From the Journals

IORT boosts local control, survival of glioblastoma


 

FROM RADIOTHERAPY AND ONCOLOGY

Adding intraoperative radiotherapy to the standard of care for patients with newly diagnosed glioblastoma appear to offer improved local control and survival, compared with those of historical controls without major adverse events, according to authors of a pooled analysis.

Among 51 patients who underwent tumor resection followed by intraoperative radiotherapy (IORT), standard adjuvant chemoradiotherapy, and chemotherapy maintenance, the estimated 2-year overall survival (OS) rate was 38.7%, compared with 26.5% at 2 years for patients who had received external beam radiotherapy (EBRT) and concomitant plus adjuvant temozolomide in a multinational phase 3 trial, reported Gustavo Sarria, MD, from University Medical Center Mannheim (Germany) and colleagues.

The median local progression-free survival (L-PFS) at a median follow-up of 18 months was 16 months, and the median distant PFS (D-PFS) was 30 months, indicating effective delay of tumor recurrence in a substantial proportion of patients.

“Intraoperative radiotherapy does not require extra radiation to travel through healthy tissue as compared to EBRT, thus allowing for local dose escalation at the site of most likely recurrence,” they wrote in Radiotherapy and Oncology.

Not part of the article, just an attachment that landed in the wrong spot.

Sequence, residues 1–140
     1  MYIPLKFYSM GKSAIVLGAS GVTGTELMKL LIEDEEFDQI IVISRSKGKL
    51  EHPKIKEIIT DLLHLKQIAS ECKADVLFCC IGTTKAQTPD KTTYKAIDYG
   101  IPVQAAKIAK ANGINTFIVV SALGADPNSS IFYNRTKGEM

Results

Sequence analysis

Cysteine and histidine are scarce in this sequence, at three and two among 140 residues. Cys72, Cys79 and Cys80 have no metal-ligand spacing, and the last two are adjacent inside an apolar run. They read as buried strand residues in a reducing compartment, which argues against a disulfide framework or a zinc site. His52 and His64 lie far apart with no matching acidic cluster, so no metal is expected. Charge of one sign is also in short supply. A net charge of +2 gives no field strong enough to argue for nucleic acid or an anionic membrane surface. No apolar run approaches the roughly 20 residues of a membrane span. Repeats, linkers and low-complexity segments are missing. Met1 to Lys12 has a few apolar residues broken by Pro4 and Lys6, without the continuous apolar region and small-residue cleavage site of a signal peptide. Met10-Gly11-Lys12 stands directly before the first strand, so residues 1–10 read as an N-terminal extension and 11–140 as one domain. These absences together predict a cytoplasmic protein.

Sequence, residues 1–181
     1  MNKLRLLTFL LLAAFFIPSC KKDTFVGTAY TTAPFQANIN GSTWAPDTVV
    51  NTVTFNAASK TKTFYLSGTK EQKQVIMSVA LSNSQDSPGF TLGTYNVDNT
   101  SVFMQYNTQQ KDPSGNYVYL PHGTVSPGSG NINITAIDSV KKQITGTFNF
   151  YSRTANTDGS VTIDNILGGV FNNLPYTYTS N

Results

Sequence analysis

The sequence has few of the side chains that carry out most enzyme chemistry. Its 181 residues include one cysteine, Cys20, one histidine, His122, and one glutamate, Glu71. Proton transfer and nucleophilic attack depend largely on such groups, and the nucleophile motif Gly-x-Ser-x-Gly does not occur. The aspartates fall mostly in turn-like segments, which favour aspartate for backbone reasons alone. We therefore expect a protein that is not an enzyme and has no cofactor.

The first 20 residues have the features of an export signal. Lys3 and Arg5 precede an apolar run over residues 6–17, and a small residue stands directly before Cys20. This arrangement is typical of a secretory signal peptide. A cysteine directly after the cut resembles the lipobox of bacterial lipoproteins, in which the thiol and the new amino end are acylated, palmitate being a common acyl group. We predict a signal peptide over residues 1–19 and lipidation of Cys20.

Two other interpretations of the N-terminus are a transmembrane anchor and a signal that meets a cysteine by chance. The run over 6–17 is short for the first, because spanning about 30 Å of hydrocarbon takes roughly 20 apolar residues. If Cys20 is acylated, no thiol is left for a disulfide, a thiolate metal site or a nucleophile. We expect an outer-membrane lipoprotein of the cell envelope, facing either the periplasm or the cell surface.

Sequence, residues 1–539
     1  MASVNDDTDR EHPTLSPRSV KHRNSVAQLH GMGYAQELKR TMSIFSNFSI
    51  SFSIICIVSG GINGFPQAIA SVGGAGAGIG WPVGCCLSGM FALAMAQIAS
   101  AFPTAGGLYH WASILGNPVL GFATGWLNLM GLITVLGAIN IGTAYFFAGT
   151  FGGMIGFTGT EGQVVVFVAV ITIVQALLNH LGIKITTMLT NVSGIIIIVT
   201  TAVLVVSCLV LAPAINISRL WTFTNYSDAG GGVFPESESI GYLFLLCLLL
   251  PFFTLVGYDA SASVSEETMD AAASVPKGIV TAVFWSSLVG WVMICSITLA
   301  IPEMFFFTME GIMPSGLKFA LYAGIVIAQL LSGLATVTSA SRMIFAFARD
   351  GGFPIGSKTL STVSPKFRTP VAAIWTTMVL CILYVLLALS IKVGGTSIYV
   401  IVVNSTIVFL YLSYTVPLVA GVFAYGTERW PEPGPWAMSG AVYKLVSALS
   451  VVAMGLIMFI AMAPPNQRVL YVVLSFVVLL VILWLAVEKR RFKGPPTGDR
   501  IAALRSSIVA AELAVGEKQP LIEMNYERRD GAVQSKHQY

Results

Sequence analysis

The investigators performed a retrospective analysis of data on a total of 51 patients with a median age of 55 years who were treated with IORT and standard of care at five centers in Germany, Perum, and China. The patients all underwent brain surgery followed by a single IORT application at doses ranging from 10 to 40 Gy, with low-energy (50-kV) x-rays.

Following surgery, all patients received 60-Gy intensity-modulated or volumetric-modulated arc (IMRT-VMAT) EBRT and concomitant temozolomide chemotherapy followed by maintenance temozolomide.

At a median follow-up of 18 months the median OS was 18 months, median overall PFS was 11.4 months, median L-PFS (new lesions 1 cm or less from the tumor cavity border) was 16 months, and median D-PFS (new lesions more than 1 cm from the tumor cavity border) was 30 months.

The estimated Kaplan-Meier 1-, 2-, and 3-year OS rates were 79.5%, 38.7%, and 25.6%, respectively. The estimated median PFS over the same time points was 46.2%, 29.4%, and 5.9. The 1-, 2-, and 3-year estimated L-PFS was 60.9%, 37.9%, and 12.6%, and D-FPS rates were 76.7%, 65.0%, and 39.0% respectively.

In slightly more than one-third of the cases (35.3%), the first progression occurred locally. Grade 1 radionecrosis occurred in 7.8% of patients, and 17.6% had grade 3 radionecrosis. There were no grade 4 toxicities reported, and no treatment-related deaths.

The investigators noted that IORT added to standard of care is being tested against standard care alone in a multinational phase 3 randomized trial (NCT02685605).

The authors did not receive outside funding for the study. Dr. Sarria reported Grants from Carl Zeiss Meditec outside the submitted work.

SOURCE: Sarria G et al. J Rad Oncol. 2019 Oct 16. doi: 10.1016/j.radonc.2019.09.023.

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